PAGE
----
The Sudan is arguably the most educationally needy place in today’s world. Only 2% of the population in Southern Sudan have completed their primary school education. Literacy levels are estimated at between 10 and 15%. This is the legacy of a 21-year civil war. We are raising funds to build a secondary school in the remote Nuba Mountains of the Sudan – The Grace Secondary School.
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I have the great fortune to visit many conservation projects around the world and AfriCat is in the premiership. Its whole ethos is founded upon securing practical solutions to problems in the field. It’s about really making a difference, not talking about it. It’s about intelligent and effective solutions being implemented now, not tomorrow. And its new initiatives are more exciting than ever, releasing rehabilitated animals into huge protected reserves where they are carefully studied and monitored. The standard of care is exemplary and our understanding of these creatures’ ecologies and behaviours is constantly being advanced here. A few more AfriCats and this continent’s unique fauna would be a lot better off. Please do whatever you can to support its work.
World Land Trust
I have known the work of the World Land Trust, and its CEO John Burton, almost since it was established in 1989 and share its philosophy in terms of working through in-country project partners and raising funds for them to purchase and protect threatened lands as nature reserves to protect their biodiversity. I was invited to become a Patron of the WLT in December 2012 and was delighted to accept, joining their other two patrons, Sir David Attenborough and David Gower. I feel I know a lot about the Trust already, speaking with John Burton and sharing many of his views on conservation priorities and population issues. John was always very supportive in the early days of my career and I have donated the Public Lending Rights in my books to the WLT’s Green Ink project for the past ten years.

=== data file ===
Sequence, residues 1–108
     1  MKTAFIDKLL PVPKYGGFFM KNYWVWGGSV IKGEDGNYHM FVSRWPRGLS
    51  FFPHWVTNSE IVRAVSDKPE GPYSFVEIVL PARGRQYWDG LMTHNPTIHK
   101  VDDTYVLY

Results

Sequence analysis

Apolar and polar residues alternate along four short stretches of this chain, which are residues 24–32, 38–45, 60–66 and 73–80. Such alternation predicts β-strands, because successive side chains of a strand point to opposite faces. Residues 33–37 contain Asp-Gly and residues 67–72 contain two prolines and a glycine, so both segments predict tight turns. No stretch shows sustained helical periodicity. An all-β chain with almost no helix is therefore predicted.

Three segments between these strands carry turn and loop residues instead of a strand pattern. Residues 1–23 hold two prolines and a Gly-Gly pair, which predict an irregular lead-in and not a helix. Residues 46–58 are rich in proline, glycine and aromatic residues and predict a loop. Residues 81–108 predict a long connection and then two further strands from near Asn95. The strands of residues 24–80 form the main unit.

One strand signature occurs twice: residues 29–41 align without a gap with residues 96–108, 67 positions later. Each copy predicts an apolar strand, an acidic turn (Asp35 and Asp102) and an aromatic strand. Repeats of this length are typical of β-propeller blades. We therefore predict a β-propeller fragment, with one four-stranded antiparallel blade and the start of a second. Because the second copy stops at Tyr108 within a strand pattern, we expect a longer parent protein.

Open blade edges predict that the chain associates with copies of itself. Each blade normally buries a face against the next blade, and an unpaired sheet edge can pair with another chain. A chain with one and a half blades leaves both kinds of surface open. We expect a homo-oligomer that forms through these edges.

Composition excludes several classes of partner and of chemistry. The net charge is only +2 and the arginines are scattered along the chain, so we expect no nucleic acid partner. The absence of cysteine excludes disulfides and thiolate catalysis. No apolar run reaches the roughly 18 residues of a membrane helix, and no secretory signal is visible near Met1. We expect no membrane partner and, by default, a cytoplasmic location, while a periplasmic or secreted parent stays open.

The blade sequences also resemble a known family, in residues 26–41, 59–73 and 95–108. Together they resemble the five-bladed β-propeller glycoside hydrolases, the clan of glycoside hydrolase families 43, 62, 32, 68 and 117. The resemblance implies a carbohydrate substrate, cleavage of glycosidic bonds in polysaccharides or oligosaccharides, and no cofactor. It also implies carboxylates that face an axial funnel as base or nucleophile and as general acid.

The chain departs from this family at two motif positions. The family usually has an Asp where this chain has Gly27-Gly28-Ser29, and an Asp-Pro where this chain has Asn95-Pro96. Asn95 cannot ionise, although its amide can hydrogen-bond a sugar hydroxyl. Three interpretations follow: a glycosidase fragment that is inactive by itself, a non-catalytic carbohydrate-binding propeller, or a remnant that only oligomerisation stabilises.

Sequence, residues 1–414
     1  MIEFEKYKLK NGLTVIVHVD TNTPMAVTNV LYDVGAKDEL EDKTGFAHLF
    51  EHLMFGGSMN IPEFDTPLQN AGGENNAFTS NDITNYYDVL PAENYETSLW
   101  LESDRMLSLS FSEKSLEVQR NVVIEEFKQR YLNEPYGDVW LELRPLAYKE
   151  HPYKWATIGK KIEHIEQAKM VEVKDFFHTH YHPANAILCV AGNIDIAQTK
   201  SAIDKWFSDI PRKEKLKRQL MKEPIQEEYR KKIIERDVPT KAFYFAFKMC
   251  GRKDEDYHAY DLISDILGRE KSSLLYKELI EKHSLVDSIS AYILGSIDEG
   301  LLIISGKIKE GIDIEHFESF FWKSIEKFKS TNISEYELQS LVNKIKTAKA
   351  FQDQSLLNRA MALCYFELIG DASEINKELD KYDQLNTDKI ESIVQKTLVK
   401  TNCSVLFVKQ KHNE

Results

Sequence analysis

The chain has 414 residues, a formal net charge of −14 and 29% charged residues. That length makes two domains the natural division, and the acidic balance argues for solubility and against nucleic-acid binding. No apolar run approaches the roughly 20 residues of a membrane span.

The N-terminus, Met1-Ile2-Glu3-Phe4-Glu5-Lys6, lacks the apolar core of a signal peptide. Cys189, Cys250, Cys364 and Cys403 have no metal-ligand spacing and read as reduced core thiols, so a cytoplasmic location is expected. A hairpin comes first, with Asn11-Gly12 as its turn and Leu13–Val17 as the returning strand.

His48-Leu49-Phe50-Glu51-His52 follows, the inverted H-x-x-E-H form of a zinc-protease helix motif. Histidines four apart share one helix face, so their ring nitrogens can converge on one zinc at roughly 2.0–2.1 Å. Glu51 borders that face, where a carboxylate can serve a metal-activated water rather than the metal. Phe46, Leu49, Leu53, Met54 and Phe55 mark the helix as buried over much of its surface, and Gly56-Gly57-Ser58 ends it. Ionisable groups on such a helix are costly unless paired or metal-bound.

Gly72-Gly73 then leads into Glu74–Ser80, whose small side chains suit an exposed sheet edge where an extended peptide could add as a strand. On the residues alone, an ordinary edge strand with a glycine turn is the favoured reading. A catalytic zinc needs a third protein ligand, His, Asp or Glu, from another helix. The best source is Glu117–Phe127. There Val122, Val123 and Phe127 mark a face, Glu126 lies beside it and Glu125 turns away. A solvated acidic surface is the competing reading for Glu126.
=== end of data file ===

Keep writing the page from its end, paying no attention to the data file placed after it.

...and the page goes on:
“We’re delighted that Chris has agreed to join our list of distinguished Patrons. He has always been very clear about the obvious link between ever more people and ever less wildlife, both here and abroad. Until we stabilise our numbers, we’re all fighting a losing battle”. Roger Martin – Chair, Population Matters
The Sholing Valleys Study Centre
The Humane Research Trust
The NatureWatch Foundation
The Fleet Pond Society
Birding For All
The Seahorse Trust
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New Forest Trust
The New Forest Trust campaigns to protect and preserve the people and the wildlife of this National Park, a place that Chris has wandered since he was a boy and now wanders daily with his dogs. A showcase for necessary modernisation to ensure survival in the 21st Century.
Wild Life Ark
The native Red Squirrel is in bigger trouble than most people realise with the very serious threat of disease hanging over its precarious future. This small charity is campaigning to address the threat by developing a vaccine, a novel but likely necessary conservation initiative.
Landlife Wildflowers provide an excellent source of UK produced seeds for you to plant if you want your own wildflower meadow. It doesn’t matter whether you’re space is as big as a tablecloth or half the county, they have a mix which will suit your soil, shade and requirements. They produce an excellent brochure, great backup and have a fantastic centre which is well worth a visit.